Recently I read a post on PRI.org by Rupa Shenoy entitled “The US movement against female genital mutilation is at a crossroads,” which discusses how laws to prevent FGM are developing and facing challenges in the US. The article is very informative about the status of the issue at this time, and helps to explore different ways to address the problem including community education and prevention efforts.
A salient point was made by one of the experts interviewed for the article, Mariya Taher, one of the co-founders of the anti-female genital mutilation advocacy group Sahiyo. With regard to the doctor who performed the genital cutting surgery that was the subject of a federal prosecution on FGM, and who justifies the act as part of a cultural practice, Taher said:
“Raise your hand if your biggest obstacle has been older women,” asked the conference moderator on a panel about building women’s political power. One hundred and twenty young, elected women raised their hands. From the dais, I thought back to my own experience as a 22-year old councilwoman. I know that being a young and female and elected is not easy, but the fact that our own sisters continue to be more hindrance than help is more than disheartening, it’s calamitous. It is the difference between building on a wave election and continuing to grow the number of elected women in the country, or once again stalling out.
Gender-lens projects coming out of Washington, D.C. these days are rare, but here’s a great one. The National Endowment for the Humanities has just awarded the American Film Institute a $350,000 grant toward a study on gender parity in the history of American film. The funds support a survey of the roles of women in the over 100 years of American movies that are in the database in the AFI Catalog of Feature Films. The collection has amassed over 500,000 listed credits on all these productions.
The database is complete for the years 1893-1993 and is abbreviated for films released after 1993. It covers all Hollywood films and independent works that made theatrical release. My own single entry is here.
Solidago Foundation might only have $5 million in assets, but you wouldn’t know it from their leadership among social justice funders, especially when it comes to supporting women at the grassroots.
“We are small, we don’t move a lot of dollars, but we move big ideas and are deeply committed to being in community in the arena where we hold our positional power,” said Sarah Christiansen, the Program Director for Environmental Justice and Inclusive Economy.
This outsized role is highly visible in the nascent funding for solidarity economy, an organizing framework that often overlaps with new economy, economic democracy, cooperative economy, and/or inclusive economy. It is characterized by economic initiatives and enterprises that are community-controlled, democratic, sustainable, committed to social and racial justice, mutualistic, cooperative, and respectful of diverse approaches.
I am always keeping an eye out for instances of feminism breaking through to mainstream culture. So when Netflix decided to make its biggest payment ever of $10 million to buy the rights to Knock Down the House, I was eager to learn about how this film came about. How did this relatively new film team suddenly find itself poised to reach Netflix’s estimated 148 million subscribers?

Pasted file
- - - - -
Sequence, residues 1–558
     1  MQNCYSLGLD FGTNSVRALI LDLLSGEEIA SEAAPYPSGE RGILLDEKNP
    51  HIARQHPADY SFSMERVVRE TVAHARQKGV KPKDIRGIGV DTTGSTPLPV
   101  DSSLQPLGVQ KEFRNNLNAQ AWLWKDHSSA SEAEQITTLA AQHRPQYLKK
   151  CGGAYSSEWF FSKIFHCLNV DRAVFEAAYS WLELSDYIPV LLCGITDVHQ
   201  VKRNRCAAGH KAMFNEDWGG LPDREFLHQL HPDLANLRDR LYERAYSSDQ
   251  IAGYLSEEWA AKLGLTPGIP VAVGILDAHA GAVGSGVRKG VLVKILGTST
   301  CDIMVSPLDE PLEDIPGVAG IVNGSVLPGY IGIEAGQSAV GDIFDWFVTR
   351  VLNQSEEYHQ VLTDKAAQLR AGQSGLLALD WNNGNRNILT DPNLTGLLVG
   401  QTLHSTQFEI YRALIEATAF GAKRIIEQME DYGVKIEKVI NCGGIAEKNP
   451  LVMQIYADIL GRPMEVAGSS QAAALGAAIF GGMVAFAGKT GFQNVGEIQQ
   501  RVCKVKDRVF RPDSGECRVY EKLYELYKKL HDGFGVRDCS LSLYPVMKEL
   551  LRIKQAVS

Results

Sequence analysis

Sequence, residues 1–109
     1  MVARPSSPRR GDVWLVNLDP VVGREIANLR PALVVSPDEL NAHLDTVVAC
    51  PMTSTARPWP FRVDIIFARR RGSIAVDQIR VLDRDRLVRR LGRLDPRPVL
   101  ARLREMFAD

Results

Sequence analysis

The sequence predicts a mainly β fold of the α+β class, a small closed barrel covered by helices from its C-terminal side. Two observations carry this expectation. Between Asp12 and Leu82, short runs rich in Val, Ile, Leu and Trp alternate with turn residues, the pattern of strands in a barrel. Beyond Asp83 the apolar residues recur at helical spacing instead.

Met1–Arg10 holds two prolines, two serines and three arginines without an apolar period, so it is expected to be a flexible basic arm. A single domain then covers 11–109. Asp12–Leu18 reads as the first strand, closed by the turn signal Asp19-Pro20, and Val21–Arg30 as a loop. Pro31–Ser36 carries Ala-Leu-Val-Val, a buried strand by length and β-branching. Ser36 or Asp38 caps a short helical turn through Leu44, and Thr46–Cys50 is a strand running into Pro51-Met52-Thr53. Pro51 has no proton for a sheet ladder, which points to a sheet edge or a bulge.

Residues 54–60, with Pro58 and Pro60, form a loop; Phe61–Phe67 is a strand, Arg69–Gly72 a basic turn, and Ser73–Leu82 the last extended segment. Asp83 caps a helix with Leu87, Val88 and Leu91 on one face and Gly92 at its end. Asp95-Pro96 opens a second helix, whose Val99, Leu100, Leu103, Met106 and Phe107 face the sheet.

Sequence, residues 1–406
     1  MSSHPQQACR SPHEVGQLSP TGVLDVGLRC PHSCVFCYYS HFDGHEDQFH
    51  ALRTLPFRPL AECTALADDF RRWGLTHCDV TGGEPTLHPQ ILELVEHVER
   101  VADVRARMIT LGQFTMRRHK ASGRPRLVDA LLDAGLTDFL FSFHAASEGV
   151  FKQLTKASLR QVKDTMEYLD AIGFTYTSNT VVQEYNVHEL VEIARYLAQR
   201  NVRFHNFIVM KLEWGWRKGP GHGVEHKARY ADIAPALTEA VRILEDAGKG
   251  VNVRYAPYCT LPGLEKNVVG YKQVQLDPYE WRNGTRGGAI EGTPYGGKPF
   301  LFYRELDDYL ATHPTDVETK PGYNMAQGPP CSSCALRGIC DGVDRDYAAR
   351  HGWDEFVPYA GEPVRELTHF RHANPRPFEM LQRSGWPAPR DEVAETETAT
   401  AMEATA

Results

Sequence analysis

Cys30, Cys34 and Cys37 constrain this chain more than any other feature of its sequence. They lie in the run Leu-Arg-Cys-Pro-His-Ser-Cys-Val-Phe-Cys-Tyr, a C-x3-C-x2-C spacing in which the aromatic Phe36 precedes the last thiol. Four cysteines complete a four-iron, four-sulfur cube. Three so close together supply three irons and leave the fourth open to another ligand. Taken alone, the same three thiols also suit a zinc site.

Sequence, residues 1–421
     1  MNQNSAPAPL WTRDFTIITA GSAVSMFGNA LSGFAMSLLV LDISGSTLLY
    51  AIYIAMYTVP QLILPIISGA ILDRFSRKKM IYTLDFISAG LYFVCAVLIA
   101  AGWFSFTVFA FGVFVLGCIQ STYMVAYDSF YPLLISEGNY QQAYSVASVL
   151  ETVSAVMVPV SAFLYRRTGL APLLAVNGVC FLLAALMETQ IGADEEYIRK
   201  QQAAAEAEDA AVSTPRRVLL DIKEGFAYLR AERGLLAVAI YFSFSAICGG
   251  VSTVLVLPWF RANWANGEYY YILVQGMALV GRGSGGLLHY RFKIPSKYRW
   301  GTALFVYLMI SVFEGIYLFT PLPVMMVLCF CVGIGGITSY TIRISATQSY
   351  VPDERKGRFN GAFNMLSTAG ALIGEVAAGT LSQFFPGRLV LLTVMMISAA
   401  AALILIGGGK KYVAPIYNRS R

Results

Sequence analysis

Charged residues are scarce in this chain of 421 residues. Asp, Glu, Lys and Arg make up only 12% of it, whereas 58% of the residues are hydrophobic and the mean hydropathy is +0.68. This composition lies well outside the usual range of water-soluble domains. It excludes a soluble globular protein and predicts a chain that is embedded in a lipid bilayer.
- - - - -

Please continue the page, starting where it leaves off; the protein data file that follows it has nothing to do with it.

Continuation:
Knock Down the House follows four progressive women who made it into the U.S. Congress in the 2018 elections, inviting viewers to witness the progression of their historic journeys into politics. Just weeks ago, it won Best Documentary Film for 2019 at the Sundance Film Festival.
With the fight to keep abortion safe and legal increasingly under threat, fundraising expert Kathy LeMay of Raising Change recently hosted a webinar with leaders from the National Abortion Federation. The goal of the webinar was to help philanthropists take action to support the abortion providers, during increasingly hostile times for providing these vital services.
Kathy introduced the Very Reverend Katherine Ragsdale, former President of the Episcopal Divinity School and Interim President and CEO of the National Abortion Federation. (Longtime CEO of NAF, Vicki Saporta, who put in 23 years at the helm of NAF, announced her retirement this past year.)
Starting with a joke about who would be the word hog between the couple, Stephen Colbert recently interviewed Bill and Melinda Gates. The couple talked about their philanthropy in the context of larger political issues such as growing inequality, and shared some of their “surprises” — the theme of their annual letter this year.
Colbert remarked that Bill Gates used to be the richest man in the world, but has now fallen into the number two spot for the world’s most wealthy person. “Well, we’re trying to give it away faster,” said Bill.
“There’s a lot of talk that billionaires shouldn’t exist,” said Colbert, suggesting that too much money accumulating at the top is a failure of capitalism.
“We might be biased,” said Bill with a chuckle. “I think you can make the tax system take a much higher proportion from people with wealth.”
“70%?” asked Colbert.
Bill Gates talked about how tax rates on the rich should be higher, but, “I think that if you go so far as to say that there is a total upper limit,” that could be problematic for the economy. Colbert then asked what the Gateses have observed as they travel the world and visit other countries with higher tax rates on the wealthy. “How is that going for them?” asked Colbert.
“Not necessarily that well,” said Melinda Gates. “There’ll be many times we’re in France, and you’ll hear, ‘Gosh, we wish we could have a Bill Gates. We wish we could have such a vibrant tech sector,'” but Melinda Gates cautioned that some tax systems dampen growth. In France, Melinda Gates said, “the tax system has been done there in such a way that it doesn’t actually stimulate good growth. So we believe in a tax system that does tax the wealthy more than low income people, for sure,” said Melinda.
“More than presently is being taxed?” asked Colbert.
“Yes,” Melinda said.
“We’ve been lobbying in favor of increasing the estate tax,” Bill broke in, and then went on about how the estate tax used to be higher and could be made higher again to garner more taxes from the rich.
“We do believe that to whom much is given, much is expected,” added Melinda Gates.